Like small children, there’s something within us always longing to go home – to return, even briefly, to our parents. Whether we are 6 or 60, we have that desire. I am very blessed to be able to go home to my mother on any given day. I haven’t, however, been able to go home to my father for quite some time. My life (along with my mother’s and brother’s) changed forever on this April day years ago when, without warning, my beloved father died. Life changed with the news of the moment during that spring break before Easter Sunday. I was a freshman in high school and my brother was in 4th grade. Our dad was away on a business trip in Colorado when we received an unexpected visit from his best friend and colleagues delivering the news no one in the world ever wants to give – our father suffered a major heart attack in the middle of the night and died alone in his hotel room.
His death certainly was not characteristic of his life. He was very much a people person – the devoted husband, the caring father, the gracious host, the silly cousin (as his cousin, Anthony, attests with stories of them growing up together). When I recall his voice, I hear his laugh. He had a way of making everyone around him feel comfortable, and he was known for his fun demeanor and unique sense of humor. To this day, when I see someone who knew my father well, I consistently hear, “Oh, the stories I have about your father!” He was quite the practical jokester. Case in point is an example ongoing joke between my mom and dad: they took turns hiding this hideously hairy, ridiculously realistic toy mouse from each other and tried to ‘one-up’ the other into finding the most inconspicuous place that would drive the most reaction. It wasn’t uncommon to hear a random scream when the mouse was found! Daily lunch calls to my mom with his jokes-of-the-day was also a part of their lives together. My father knew what it meant to hold on to the little moments in life. At the same time, he was a man who took great pride in his work while trying not to take himself too seriously. He worked his way up at his first job from the back room of Kroger to manager of the store. He was definitely ahead of his time, earning his Associates Degrees in Computer Science, and rallying for Kroger to begin an online shopping program way back in the early ’70s.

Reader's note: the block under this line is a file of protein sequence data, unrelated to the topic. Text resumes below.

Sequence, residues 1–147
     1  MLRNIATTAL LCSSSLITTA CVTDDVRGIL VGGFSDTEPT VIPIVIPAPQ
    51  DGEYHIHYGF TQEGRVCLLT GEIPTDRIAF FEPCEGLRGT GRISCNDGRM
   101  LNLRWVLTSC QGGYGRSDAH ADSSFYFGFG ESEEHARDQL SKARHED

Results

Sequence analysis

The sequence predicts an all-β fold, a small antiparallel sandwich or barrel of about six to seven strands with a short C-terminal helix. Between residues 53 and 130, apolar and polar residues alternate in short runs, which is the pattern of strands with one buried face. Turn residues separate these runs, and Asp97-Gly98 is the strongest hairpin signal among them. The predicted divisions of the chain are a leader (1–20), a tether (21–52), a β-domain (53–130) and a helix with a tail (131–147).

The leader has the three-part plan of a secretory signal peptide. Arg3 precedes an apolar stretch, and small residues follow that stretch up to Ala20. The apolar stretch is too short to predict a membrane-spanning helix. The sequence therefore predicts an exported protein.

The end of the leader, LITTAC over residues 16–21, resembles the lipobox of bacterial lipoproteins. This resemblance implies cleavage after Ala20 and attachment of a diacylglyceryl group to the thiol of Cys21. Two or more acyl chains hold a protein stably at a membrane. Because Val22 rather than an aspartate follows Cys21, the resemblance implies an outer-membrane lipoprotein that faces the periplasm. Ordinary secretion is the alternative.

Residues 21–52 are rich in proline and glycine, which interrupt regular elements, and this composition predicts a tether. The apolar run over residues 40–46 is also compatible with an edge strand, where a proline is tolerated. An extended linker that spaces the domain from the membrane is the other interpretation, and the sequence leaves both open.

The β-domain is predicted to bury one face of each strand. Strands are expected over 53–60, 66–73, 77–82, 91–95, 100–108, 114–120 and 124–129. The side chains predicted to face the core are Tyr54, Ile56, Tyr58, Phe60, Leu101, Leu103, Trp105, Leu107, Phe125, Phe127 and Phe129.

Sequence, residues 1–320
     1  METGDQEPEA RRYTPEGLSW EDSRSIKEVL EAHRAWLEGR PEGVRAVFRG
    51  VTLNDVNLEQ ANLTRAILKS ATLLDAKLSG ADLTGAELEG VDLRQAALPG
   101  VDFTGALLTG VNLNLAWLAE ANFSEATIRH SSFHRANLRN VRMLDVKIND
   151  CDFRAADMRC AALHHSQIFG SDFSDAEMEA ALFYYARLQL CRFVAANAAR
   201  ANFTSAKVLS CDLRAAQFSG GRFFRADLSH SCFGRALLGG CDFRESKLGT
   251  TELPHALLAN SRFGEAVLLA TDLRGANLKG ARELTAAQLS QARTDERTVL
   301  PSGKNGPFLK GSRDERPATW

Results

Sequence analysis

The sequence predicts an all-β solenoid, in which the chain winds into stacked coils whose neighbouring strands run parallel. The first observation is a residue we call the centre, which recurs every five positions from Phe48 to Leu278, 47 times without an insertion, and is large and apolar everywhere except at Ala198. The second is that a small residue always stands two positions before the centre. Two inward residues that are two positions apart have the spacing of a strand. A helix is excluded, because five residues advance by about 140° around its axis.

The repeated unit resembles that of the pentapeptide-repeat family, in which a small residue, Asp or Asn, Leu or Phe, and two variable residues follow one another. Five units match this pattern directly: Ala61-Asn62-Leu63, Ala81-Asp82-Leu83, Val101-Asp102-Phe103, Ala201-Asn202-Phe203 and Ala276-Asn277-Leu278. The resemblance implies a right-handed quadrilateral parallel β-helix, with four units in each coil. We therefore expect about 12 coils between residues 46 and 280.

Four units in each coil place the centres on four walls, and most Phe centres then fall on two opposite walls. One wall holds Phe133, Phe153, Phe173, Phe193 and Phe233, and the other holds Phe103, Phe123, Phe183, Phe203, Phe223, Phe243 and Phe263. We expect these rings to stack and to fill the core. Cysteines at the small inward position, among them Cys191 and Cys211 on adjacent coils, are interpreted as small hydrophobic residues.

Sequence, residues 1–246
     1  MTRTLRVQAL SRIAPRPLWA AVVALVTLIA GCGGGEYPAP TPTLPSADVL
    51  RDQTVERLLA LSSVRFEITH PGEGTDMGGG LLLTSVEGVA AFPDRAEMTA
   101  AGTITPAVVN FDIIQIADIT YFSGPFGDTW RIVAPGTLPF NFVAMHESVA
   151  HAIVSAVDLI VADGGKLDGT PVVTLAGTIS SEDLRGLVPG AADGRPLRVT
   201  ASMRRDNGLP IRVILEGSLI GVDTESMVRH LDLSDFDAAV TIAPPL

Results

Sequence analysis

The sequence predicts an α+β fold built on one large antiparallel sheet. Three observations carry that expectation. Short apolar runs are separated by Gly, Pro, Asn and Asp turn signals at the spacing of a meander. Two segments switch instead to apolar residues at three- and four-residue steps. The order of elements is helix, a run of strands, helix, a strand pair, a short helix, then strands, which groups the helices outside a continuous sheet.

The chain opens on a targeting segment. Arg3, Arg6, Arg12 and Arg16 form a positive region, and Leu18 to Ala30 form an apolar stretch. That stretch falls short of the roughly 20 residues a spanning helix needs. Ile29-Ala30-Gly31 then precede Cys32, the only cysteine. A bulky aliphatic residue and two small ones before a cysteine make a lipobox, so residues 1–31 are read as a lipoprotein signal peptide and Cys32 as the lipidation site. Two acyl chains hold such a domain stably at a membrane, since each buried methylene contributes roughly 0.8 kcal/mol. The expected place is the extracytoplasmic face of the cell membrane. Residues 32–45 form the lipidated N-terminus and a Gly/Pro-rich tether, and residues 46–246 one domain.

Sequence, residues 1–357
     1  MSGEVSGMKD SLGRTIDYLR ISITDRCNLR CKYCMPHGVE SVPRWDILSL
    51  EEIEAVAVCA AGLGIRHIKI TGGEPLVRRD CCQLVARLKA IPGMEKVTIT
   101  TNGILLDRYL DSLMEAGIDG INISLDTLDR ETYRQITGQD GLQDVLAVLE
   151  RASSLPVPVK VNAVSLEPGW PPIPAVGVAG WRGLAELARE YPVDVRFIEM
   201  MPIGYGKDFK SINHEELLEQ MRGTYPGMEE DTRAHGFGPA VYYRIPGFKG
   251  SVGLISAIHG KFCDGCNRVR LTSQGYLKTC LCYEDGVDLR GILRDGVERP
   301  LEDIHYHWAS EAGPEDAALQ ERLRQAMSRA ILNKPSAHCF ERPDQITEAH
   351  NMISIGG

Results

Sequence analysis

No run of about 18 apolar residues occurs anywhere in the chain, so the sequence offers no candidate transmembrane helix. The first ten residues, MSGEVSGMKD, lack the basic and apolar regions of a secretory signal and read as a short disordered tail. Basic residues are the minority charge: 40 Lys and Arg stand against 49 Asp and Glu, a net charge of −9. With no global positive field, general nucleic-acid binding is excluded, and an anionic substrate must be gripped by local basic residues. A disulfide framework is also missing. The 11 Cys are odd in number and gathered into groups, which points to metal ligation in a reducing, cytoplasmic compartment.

I have no regrets for lost joys – I replay the good memories, am very grateful for the precious time, and remember the love wholeheartedly. “The Missing Piece” by Shel Silverstein illustrates a significant life lesson I learned from my father’s death:
“The Missing Piece” by Shel Silverstein
It is a fable about a big wheel, a fabulous wheel, the fastest wheel of all. It outraced every other wheel and took a great deal of joy and pleasure out of doing that. One day it was wheeling along having the greatest time when it hit a bump and lost a piece of itself. Now, with a chunk missing, the wheel went clunking along, struggling to keep up with the other wheels.
The wheel felt extremely sad. It started journeying great distances in search of its missing piece. As the wheel traveled it grew tired and lay down on a field of grass. It saw the white clouds against the blue sky and heard the birds sing. It began to see life’s beauty everywhere.
Some years passed, and finally the wheel found its missing piece. Overjoyed, it made itself whole again and reattached the piece. But something went wrong. The wheel realized that it had actually felt more whole when part of it was missing. The experience of loss had guided the wheel into a new state of awareness and fulfillment. The wheel had learned how to turn loss into life.
I look at myself in the mirror and sometimes I see his eyes. I know I have a guardian angel always watching over my family, and he will live on beneath everything we do. He would be extremely proud, for instance, of his first grandchild’s outstanding achievements, and be completely overjoyed over his second granddaughter who was born on his birthday!!!!!!!!
John Mayer wrote in his song, “Daughters:” ‘Fathers, be good to your daughters. They will love like you do.‘ I’ve learned that the most important thing every father teaches his daughter to do is to love completely and truly. My “anything for TC” father certainly taught me that. I’ve asked myself if I am who I am . . . what I am . . . how I am . . . because my father lived or because my father died. The answer, I’ve decided, is both!! My father taught my mother, brother, and me an important lesson right through the end of his life here. His death forced us to learn how to survive under the most difficult of situations, how to approach life’s unexpected turns, and how to turn loss into life.
In memory of Daddy!! Love you♥️
➔ ➔ ➔ The glue of the family, see my post celebrating my mother’s unbelievable strength that guided us through the difficult time of my father’s death: My Mom, Still the Coolest Mom Around